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Online Econometrics Textbook - Regression Extensions - Restricted Least Squares and Restricted Maximum Likelihood

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Sometimes it is necessary to impose linear constraints on OLS estimation. This case of OLS estimation is called restricted least squares (RLS). Assume that the constraints are contained in

Online Econometrics Textbook - Regression Extensions - Restricted Least Squares and Restricted Maximum Likelihood


where b is the RLS parameter vector (K*1), r is a (H*1) vector, R is a (H*K) matrix, K is the number of parameters, and H is the number of restrictions.

A solution to RLS is only possible if H is smaller than K and if the rank of R is equal to H. Otherwise, two or more linear restrictions are linearly dependent or inconsistent.

Suppose K = 3, H = 2 and we wish to restrict the least squares estimates according to


then eq. (III.V-1) applied to (III.V-2) would look like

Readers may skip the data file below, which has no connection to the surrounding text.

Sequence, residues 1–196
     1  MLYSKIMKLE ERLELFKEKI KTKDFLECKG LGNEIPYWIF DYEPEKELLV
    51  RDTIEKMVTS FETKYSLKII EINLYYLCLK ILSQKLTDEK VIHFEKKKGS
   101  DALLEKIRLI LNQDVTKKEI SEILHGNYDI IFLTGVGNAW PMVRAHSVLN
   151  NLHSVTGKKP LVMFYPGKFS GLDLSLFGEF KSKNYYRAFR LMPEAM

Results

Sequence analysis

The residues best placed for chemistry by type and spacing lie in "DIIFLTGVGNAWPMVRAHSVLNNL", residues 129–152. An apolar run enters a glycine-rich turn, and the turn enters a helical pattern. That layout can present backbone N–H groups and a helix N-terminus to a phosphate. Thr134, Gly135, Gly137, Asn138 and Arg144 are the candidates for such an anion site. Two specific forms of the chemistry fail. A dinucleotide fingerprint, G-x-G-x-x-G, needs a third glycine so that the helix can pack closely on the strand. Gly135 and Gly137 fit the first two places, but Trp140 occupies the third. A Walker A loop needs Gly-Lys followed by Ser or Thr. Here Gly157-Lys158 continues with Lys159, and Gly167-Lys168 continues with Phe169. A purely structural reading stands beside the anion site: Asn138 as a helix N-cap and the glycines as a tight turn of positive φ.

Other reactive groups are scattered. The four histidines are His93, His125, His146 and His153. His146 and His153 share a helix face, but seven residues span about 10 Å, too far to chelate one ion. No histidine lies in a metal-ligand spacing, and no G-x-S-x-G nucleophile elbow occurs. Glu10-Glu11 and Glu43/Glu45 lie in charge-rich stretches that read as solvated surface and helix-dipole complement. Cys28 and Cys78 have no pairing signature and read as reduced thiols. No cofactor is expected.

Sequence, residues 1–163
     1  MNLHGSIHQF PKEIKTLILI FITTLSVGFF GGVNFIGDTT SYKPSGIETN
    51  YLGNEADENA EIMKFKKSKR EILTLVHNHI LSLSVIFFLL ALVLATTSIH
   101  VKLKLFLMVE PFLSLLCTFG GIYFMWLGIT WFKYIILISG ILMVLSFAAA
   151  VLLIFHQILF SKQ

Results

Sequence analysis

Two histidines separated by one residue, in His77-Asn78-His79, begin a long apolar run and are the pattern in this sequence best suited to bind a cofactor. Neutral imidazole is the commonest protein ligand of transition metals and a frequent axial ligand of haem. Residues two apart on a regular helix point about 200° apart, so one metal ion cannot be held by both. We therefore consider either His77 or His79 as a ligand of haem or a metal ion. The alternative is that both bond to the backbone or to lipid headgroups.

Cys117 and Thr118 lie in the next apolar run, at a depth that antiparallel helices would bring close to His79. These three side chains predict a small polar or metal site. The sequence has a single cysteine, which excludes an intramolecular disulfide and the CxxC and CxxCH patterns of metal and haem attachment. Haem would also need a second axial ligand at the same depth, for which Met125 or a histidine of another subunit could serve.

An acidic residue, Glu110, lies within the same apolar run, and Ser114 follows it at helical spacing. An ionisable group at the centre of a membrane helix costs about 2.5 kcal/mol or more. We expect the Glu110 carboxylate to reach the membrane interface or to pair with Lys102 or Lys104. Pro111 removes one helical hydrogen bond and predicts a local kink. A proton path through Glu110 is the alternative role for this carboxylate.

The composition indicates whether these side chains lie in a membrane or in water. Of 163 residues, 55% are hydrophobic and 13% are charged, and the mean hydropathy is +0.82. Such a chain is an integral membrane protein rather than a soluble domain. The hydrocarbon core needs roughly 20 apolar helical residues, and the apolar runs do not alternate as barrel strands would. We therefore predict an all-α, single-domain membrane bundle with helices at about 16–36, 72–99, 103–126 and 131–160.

from which it can be clearly seen that R has rank H = 2.

The Lagrangian function can be deduced as follows


which can be derived w.r.t. the parameter vector and the Lagrange multiplier vector



On combining (III.V-5) and (III.V-6) we obtain



which is the RLS estimator.

The SSR are computed by the following formula


which can be written more explicitly


or on using X'(y - Xb) = 0


or simply


This result is very important since it can be used in tests for linear restrictions.

First we deduce from the RLS estimator (III.V-8) that


If we define


(for which proof is quite easy), we may write


Now since





a general test for linear restrictions is thus given by


(it can be shown that the nominator of (III.V-19) is independent of the denominator).

Obviously, restrictions on parameters cannot only be imposed on least squares estimators. There is an equivalent approach with respect to MLE, the so-called restricted maximum likelihood estimation (RMLE). The greatest advantage of RMLE over RLS is that it is possible to impose nonlinear restrictions on the parameters. The most important disadvantage however might be the computational (numerical) complexity of RMLE.

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Assumption Violations
Distributed Lags
Restricted LS
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